The Obama administration and congressional Democrats teamed up to sell the American public on the idea that ObamaCare would reduce skyrocketing healthcare costs. That little bit of misinformation, propagated all over the airwaves and Internet, was apparently based on some ridiculous assumptions that had no chance of being true. And yet, it worked. The bill passed. And now, we’re all stuck with it.

Perhaps the most devastating affect of the Internet Age is that it routinely propagates bad science. In case you didn’t know, the scientific method is how civilization has advanced the state of science and technology for centuries by making assumptions and either disproving or upholding them over numerous experimental trials.

Without the scientific method and its rigid adherence to logic and deductive reasoning, we would all still be living in the Dark Ages. Well, guess what? That’s the direction we’re now heading in. Every day I come across supposedly factual articles in reputable publications that propagate bad science.

I was just reading an about research suggesting that effective leaders had similar activity in certain regions of the brain. It goes on to suggest that neurofeedback could be used to train people to be better leaders. Funny thing is, it’s just as likely that the cause and effect are reversed: that the brain activity is the result, not the cause, of leadership activities. In which case the conclusions are bogus.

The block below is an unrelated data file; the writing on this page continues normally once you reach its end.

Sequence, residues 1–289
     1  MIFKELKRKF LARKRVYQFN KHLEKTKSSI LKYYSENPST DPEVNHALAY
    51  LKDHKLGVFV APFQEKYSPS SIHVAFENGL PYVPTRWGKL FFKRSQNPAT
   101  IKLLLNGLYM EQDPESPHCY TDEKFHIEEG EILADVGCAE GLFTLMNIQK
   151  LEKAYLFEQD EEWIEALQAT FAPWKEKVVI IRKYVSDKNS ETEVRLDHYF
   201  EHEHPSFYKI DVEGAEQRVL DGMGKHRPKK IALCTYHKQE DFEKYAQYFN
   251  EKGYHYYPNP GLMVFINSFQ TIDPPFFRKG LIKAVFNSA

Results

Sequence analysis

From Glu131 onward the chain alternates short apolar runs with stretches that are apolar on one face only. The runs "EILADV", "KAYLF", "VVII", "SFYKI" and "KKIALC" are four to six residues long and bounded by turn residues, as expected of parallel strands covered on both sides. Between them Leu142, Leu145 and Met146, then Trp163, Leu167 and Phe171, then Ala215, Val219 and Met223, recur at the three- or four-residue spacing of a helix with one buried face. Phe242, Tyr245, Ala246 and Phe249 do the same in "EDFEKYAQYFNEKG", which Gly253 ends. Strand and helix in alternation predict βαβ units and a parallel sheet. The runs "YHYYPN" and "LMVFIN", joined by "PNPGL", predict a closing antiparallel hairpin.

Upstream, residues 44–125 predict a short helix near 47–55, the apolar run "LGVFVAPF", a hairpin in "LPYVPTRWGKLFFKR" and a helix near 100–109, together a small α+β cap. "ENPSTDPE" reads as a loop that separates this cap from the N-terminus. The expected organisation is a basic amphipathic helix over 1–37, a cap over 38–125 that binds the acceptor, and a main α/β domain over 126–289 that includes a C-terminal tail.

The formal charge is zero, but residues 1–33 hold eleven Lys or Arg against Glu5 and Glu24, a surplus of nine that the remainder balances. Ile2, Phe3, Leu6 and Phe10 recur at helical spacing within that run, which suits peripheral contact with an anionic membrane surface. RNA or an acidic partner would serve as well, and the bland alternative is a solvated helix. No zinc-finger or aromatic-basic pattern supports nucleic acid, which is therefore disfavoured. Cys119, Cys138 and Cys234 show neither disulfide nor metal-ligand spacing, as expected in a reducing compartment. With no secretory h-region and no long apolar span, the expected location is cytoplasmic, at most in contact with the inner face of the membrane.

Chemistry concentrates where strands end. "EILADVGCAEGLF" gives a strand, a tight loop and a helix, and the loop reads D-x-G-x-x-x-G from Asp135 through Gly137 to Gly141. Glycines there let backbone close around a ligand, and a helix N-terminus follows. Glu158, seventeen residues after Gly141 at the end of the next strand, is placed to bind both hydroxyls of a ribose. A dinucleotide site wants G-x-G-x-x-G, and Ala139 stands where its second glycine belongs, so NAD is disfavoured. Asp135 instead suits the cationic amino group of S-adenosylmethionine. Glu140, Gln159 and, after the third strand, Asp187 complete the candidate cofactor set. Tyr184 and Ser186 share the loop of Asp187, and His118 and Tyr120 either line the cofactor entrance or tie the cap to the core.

A couple of years ago, Time Warner’s Health.com published an article listing 10 careers that are “more depression-prone than others.” The article, which quoted all sorts of mental health professionals discussing how jobs contribute to depression, went viral and was picked up by many major news outlets.

But here’s the thing. The article was based on the National Survey on Drug Use and Health, a questionnaire that, in addition to dozens of questions about drug and alcohol use, asked people if they’d had instances of depression in the past year and what they did for a living. There’s simply no scientific or causal link between the two. And it’s probably more likely that depressed people self-medicated and ended up in crappy jobs than that the jobs caused depression.

The coupe de grace in this category is of course global warming, manmade climate change, or whatever Al Gore is calling it these days. In this case, all the civilized nations of the world got together and legislated how billions of people will live from now on based entirely on an unproven assumption.

I get emails like this one all the time: “So you think that 97% of climate scientists who believe that climate change is real and that we are the reason are wrong?”

Funny thing is, science isn’t about “belief” -- at least it didn’t used to be. If it were, we’d all be living like the Flintstones. And that 97, 98, or 99 percent number you see quoted all over the Internet is simply false. According to my research, scientists seem to be split about 50-50 on the question.

And yet, we’re all supposed to buy electric cars that we have to plug in.

Look, if the leaders of the world think everyone should change their lives based on an assumption, then  they’re just trying to make an ass out of u and me. And if scientists no longer use the scientific method, then Dark Ages, here we come. And that conclusion is based on good, solid logic. Yaba-daba-doo.

Steve Tobak is a Silicon Valley-based strategy consultant and former senior executive of the technology industry.